The distribution of 13 GABAA receptor subunit mRNAs in the rat brain

Laboratory of Molecular Neuroendocrinology, Zentrum für Molekulare Biologie, University of Heidelberg, Germany.
The Journal of Neuroscience : The Official Journal of the Society for Neuroscience (Impact Factor: 6.34). 04/1992; 12(3):1040-62.
Source: PubMed


The expression patterns of 13 GABA A receptor subunit encoding genes (α1-α6, β1-β3, γ1-γ3,δ) were determined in adult rat brain by in situ hybridization. Each mRNA displayed a unique distribution, ranging from ubiquitous (α1 mRNA) to narrowly confined (α6 mRNA was present only in cerebellar granule cells). Some neuronal populations coexpressed large numbers of subunit mRNAs, whereas in others only a few GABAA receptor-specific mRNAs were found. Neocortex, hippocampus, and caudate-putamen displayed complex expression patterns, and these areas probably contain a large diversity of GABAA receptors. In many areas, a consistent coexpression was observed for α1 and β2 mRNAs, which often colocalized with γ2 mRNA. The α1β2, combination was abundant in olfactory bulb, globus pallidus, inferior colliculus, substantia nigra pars reticulata, globus pallidus, zona incerta, subthalamic nucleus, medial septum, and cerebellum. Colocalization was also apparent for the α2 and β3 mRNAs, and these predominated in areas such as amygdala and hypothalamus. The α3 mRNA occurred in layers V and VI of neocortex and in the reticular thalamic nucleus. In much of the forebrain, with the exception of hippocampal pyramidal cells, the α4 and δ transcripts appeared to codistribute. In thalamic nuclei, the only abundant GABAA receptor mRNAs were those of α1, α4, β02, and δ. In the medial geniculate thalamic nucleus, α1, α4, β02, δ and γ3 mRNAs were the principal GABAA receptor transcripts. The α5 and β1, mRNAs generally colocalized and may encode predominantly hippocampal forms of the GABAA receptor. These anatomical observations support the hypothesis that α1,β2γ2 receptors are responsible for benzodiazepine I (BZ I) binding, whereas receptors containing α2,α3, and α5 contribute to subtypes of the BZ II site. Based on significant mismatches between α4/δ and γ mRNAs, we suggest that in vivo, the α4 subunit contributes to GABAA receptors that lack BZ modulation.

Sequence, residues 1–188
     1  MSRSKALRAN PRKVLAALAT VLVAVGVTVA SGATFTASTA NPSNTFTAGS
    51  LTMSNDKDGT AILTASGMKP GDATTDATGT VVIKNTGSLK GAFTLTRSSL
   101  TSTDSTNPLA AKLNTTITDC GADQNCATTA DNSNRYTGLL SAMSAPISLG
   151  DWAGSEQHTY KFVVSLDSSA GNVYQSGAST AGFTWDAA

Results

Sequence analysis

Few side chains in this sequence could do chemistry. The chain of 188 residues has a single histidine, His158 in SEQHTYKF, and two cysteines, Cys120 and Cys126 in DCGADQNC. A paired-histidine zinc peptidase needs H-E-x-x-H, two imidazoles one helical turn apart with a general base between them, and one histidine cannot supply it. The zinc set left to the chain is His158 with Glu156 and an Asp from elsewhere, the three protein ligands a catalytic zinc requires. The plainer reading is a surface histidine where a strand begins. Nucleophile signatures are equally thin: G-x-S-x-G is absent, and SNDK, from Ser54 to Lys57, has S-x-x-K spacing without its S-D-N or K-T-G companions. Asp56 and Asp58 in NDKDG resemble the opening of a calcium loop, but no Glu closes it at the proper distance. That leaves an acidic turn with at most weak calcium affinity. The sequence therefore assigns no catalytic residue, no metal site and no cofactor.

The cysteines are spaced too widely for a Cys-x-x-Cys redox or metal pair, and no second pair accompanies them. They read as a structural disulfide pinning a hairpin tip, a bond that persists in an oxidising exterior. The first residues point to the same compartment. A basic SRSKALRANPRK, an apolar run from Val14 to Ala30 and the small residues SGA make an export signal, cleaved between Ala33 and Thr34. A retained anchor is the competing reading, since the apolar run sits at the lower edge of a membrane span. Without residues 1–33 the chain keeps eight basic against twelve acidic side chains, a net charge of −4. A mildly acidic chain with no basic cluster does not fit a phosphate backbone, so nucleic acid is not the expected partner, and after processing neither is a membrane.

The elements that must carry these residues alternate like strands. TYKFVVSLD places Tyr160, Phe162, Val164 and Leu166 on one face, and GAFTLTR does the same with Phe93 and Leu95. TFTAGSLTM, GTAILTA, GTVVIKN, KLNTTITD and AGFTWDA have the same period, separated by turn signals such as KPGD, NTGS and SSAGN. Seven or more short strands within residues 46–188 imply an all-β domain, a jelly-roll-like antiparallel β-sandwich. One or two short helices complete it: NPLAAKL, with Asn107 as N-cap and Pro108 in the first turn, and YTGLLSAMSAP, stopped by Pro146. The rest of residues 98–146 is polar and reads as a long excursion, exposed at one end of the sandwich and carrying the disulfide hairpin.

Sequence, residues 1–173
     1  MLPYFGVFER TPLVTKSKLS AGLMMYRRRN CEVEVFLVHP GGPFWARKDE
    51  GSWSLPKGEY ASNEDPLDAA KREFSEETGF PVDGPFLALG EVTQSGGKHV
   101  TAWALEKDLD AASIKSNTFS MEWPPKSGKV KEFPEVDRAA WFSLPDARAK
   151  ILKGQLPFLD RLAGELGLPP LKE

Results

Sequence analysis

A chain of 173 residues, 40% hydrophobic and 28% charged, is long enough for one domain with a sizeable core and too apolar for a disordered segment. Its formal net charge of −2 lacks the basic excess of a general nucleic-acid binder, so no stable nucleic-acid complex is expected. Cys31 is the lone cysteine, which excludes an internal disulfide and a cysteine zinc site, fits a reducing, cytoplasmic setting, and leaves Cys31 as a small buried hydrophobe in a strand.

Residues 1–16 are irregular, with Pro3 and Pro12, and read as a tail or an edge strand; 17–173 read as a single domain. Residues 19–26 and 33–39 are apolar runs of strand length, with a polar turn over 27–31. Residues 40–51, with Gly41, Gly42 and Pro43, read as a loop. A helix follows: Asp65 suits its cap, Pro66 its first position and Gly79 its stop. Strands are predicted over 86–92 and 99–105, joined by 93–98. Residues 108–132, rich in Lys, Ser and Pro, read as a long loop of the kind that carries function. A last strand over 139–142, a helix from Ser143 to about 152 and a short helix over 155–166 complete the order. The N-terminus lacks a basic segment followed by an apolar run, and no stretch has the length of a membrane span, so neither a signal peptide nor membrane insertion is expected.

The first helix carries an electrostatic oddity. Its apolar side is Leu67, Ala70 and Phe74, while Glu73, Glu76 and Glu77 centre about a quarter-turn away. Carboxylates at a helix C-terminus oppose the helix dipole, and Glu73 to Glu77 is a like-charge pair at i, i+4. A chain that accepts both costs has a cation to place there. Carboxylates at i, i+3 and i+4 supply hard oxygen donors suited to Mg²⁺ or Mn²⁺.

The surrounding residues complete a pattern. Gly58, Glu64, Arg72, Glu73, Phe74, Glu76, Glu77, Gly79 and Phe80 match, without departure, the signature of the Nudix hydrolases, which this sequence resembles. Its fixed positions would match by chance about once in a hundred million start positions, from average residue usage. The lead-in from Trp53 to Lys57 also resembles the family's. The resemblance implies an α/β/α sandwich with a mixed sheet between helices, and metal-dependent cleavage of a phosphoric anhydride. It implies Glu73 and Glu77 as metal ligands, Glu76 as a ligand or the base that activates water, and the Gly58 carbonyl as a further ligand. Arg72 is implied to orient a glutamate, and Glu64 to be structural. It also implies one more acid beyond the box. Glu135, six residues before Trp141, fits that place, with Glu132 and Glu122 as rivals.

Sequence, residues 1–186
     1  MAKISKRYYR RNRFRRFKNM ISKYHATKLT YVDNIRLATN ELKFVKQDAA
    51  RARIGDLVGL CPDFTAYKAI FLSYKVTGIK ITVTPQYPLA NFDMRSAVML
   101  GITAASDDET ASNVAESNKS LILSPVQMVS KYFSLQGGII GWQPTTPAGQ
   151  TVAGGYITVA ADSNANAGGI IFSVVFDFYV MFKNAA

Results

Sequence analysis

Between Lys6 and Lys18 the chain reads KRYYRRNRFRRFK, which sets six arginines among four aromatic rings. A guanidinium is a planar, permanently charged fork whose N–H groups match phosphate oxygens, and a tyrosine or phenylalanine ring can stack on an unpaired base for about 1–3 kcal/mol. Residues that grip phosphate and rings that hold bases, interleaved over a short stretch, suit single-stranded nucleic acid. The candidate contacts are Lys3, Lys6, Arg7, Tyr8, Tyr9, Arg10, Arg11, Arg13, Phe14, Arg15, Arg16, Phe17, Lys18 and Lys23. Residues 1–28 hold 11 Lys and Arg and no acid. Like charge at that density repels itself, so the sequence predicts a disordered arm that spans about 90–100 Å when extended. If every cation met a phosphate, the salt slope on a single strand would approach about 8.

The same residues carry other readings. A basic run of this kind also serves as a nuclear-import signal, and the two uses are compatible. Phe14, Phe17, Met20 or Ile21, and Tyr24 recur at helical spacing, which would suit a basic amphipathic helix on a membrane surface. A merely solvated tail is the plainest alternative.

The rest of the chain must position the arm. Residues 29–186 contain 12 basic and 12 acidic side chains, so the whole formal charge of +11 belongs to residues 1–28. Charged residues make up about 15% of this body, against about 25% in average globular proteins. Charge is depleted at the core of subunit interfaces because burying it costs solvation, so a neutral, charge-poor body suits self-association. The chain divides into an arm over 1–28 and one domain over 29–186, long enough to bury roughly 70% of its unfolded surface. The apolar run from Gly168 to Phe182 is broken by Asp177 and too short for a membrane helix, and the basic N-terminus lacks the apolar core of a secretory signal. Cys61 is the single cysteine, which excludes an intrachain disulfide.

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    • "It is the widespread use and abuse of diazepam-like anxiolytics that prompted intensive research on their target of action (Atack, 2011). The distribution of GABA A receptor isoforms in the brain indicated non-redundant physiological roles (Pirker et al., 2000; Wisden et al., 1992). Indeed, by systematic analysis of the effects of diazepam in strains of mice in which one of the 4 diazepam sensitive genes (1-3, 5) was rendered unresponsive to the drug, (Low et al., 2000; McKernan et al., 2000) it was possible to dissect the relative contributions of GABA A receptor isoforms to the pharmacologic profile of diazepam (Rudolph and Möhler, 2014). "
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    • "This effect appears to be due in part to inhibition of a 4 -containing GAB A ARs, which are expressed at higher levels than normal in the CA1 region of the hippocampus during puberty. It has also been shown that GABA A Rs of the a 4 b 2 d subtype, which have a d subunit instead of a g subunit, play a role in tonic inhibition in areas such as the dentate gyrus and cortex (Wisden et al., 1992). GABA A R-mediated conductance is normally inhibitory; however, the reversal potential of GABA A R-mediated postsynaptic current in dentate gyrus granule cells is " positive " to the resting membrane potential, making membrane hyperpolarization of GABA A Rs unlikely. "
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